• Legal counsel: Although it is not a requirement, hiring an attorney can help reduce time and exposure to liability. In many states the executor can be held legally responsible for the value of the assets held in the estate. Many attorneys specialize in this area and locating a competent one is fairly easy.
• Record keeping: It is very important to keep accurate records of everything you do. A final accounting to the court and the beneficiary must be completed before the estate can be finalized. The accounting should include any distributions and expenses as well as any income earned by the estate since the deceased died.
• Court accounting: Once the final accounting is approved by the beneficiaries and the court, the court will close the estate.
• Management:. As executor, you will need to prepare a list of the deceased’s assets and liabilities. One of the executor’s jobs is to protect the property from loss and to insure the assets are kept safe. An appraiser may be needed to provide a value of a specific asset. If a business is part of the assets, it will need to also be managed. The executor is allowed compensation for performing these duties.
Things Every Buyer Needs – To Close A Commercial Real Estate Loan
Sellers and their agents often express the attitude that the Buyer’s financing is the Buyer’s problem, not theirs. Perhaps, but facilitating Buyer’s financing should certainly be of interest to Sellers. How many sale transactions will close if the Buyer cannot get financing? This is not to suggest that Sellers should intrude upon the relationship between the Buyer and its lender, or become actively involved in obtaining Buyer’s financing. It does mean, however, that the Seller should understand what information concerning the property the Buyer will need to produce to its lender to obtain financing, and that Seller should be prepared to fully cooperate with the Buyer in all reasonable respects to produce that information.
Basic Lending Criteria
Lenders actively involved in making loans secured by commercial real estate typically have the same or similar documentation requirements. Unless these requirements can be satisfied, the loan will not be funded. If the loan is not funded, the sale transaction will not likely close.
For Lenders, the object, always, is to establish two basic lending criteria:
• The ability of the borrower to repay the loan; and
• The ability of the lender to recover the full amount of the loan, including outstanding principal, accrued and unpaid interest, and all reasonable costs of collection, in the event the borrower fails to repay the loan.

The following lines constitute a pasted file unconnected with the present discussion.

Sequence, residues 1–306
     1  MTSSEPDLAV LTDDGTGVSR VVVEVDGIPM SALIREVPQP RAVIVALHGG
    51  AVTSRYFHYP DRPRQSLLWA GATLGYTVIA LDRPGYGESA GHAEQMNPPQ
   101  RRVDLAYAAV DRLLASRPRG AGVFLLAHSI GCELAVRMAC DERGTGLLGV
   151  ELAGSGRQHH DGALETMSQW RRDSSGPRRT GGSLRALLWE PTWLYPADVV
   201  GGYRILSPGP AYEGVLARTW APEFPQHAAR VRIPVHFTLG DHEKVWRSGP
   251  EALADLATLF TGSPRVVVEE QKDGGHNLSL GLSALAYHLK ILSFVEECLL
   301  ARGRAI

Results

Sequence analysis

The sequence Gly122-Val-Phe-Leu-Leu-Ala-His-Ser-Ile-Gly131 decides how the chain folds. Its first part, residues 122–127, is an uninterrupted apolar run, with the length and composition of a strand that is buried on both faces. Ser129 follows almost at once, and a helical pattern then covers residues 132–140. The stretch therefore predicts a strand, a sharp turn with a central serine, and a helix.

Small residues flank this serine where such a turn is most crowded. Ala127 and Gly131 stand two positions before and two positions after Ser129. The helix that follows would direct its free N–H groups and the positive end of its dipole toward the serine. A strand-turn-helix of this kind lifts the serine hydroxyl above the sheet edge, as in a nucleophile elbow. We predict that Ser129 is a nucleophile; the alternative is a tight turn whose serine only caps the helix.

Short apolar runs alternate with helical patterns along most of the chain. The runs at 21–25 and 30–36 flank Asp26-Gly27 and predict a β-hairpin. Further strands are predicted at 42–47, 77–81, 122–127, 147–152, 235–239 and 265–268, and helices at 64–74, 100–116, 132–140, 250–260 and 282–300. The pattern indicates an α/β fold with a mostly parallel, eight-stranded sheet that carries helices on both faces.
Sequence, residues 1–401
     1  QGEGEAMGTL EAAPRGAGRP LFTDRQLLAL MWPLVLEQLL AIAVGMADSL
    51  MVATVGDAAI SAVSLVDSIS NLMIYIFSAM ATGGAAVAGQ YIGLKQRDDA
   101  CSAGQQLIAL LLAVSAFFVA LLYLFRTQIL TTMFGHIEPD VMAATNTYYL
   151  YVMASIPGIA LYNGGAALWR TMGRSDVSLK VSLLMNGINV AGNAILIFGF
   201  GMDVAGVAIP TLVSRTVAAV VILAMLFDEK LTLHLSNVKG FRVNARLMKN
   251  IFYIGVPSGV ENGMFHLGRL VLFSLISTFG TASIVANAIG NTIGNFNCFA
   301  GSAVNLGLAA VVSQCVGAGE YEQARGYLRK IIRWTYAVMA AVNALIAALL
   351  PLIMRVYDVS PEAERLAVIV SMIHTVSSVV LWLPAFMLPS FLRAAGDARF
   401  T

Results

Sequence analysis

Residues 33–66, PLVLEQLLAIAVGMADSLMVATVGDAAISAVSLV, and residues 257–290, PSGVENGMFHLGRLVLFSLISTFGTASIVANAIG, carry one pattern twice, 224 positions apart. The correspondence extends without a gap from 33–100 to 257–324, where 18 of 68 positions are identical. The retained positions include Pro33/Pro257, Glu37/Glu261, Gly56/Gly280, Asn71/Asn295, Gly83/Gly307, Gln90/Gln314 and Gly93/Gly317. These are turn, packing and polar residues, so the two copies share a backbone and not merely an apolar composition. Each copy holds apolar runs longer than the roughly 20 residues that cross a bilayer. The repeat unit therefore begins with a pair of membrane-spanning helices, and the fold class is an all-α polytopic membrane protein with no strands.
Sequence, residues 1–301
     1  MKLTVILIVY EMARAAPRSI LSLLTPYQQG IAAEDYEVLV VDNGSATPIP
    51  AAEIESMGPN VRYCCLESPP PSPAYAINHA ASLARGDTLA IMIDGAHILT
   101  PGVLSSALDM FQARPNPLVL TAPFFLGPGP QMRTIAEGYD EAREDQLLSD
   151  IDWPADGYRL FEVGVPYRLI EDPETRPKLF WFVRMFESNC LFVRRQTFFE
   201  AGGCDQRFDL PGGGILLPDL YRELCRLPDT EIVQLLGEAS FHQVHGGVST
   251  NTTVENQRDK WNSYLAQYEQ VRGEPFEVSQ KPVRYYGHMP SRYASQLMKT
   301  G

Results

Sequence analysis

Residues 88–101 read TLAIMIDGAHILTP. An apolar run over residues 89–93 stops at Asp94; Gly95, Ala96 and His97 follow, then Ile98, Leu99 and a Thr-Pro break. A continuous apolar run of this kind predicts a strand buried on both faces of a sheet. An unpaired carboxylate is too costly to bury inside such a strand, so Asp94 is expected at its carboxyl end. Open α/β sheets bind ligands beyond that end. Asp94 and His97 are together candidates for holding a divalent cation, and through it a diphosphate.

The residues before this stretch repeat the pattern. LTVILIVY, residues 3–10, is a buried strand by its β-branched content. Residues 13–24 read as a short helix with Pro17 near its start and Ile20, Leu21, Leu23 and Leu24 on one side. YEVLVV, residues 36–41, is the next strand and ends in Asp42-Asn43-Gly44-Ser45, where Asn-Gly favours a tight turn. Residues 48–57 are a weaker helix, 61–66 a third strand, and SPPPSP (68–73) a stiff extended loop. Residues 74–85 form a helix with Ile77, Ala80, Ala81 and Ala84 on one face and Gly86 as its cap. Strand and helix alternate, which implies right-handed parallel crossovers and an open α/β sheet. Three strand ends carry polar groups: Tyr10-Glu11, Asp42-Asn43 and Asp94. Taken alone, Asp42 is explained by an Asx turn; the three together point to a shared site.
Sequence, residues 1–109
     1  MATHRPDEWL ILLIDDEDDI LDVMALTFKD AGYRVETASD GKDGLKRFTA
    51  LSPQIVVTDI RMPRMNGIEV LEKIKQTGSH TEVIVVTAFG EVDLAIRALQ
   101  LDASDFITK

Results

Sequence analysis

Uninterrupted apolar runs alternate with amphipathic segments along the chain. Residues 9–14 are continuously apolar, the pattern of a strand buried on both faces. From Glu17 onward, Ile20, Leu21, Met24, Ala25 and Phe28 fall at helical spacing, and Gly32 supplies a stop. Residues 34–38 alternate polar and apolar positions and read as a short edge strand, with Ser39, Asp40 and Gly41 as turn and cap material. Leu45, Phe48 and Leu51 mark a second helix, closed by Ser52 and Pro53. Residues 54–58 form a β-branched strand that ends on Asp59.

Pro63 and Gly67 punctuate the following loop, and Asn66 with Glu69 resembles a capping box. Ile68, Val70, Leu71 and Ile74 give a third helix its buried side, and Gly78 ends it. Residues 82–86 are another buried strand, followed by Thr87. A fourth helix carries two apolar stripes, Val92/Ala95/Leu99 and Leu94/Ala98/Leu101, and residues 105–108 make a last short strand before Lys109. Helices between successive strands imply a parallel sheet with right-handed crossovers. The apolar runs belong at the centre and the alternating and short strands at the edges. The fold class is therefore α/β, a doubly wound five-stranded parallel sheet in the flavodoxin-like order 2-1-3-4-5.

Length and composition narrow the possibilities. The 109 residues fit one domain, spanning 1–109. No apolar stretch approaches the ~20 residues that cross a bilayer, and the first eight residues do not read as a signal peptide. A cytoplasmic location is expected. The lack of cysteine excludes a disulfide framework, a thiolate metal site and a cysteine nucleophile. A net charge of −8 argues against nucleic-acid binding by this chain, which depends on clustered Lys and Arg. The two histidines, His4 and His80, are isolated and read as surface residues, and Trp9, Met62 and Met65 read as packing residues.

In nearly every loan of every type, these two lending criteria form the basis of the lender’s willingness to make the loan. Virtually all documentation in the loan closing process points to satisfying these two criteria.
There are other legal requirements and regulations requiring lender compliance, but these two basic lending criteria represent, for the lender, what the loan closing process seeks to establish. They are also a primary focus of bank regulators, such as the FDIC, in verifying that the lender is following safe and sound lending practices. Few lenders engaged in commercial real estate lending are interested in making loans without collateral sufficient to assure repayment of the entire loan, including outstanding principal, accrued and unpaid interest, and all reasonable costs of collection, even where the borrower’s independent ability to repay is substantial. As we have seen time and again, changes in economic conditions, whether occurring from ordinary economic cycles, changes in technology, natural disasters, divorce, death, and even terrorist attack or war, can change the “ability” of a borrower to pay. Prudent lending practices require adequate security for any loan of substance.
Documenting The Loan
There is no magic to documenting a commercial real estate loan. There are issues to resolve and documents to draft, but all can be managed efficiently and effectively if all parties to the transaction recognize the legitimate needs of the lender and plan the transaction and the contract requirements with a view toward satisfying those needs within the framework of the sale transaction. While the credit decision to issue a loan commitment focuses primarily on the ability of the borrower to repay the loan; the loan closing process focuses primarily on verification and documentation of the second stated criteria: confirmation that the collateral is sufficient to assure repayment of the loan, including all principal, accrued and unpaid interest, late fees, attorneys fees and other costs of collection, in the event the borrower fails to voluntarily repay the loan.
With this in mind, most commercial real estate lenders approach commercial real estate closings by viewing themselves as potential “back-up buyers”. They are always testing their collateral position against the possibility that the Buyer/Borrower will default, with the lender being forced to foreclose and become the owner of the property. Their documentation requirements are designed to place the lender, after foreclosure, in as good a position as they would require at closing if they were a sophisticated direct buyer of the property; with the expectation that the lender may need to sell the property to a future sophisticated buyer to recover repayment of their loan.
Top 10 Lender Deliveries
In documenting a commercial real estate loan, the parties must recognize that virtually all commercial real estate lenders will require, among other things, delivery of the following “property documents”: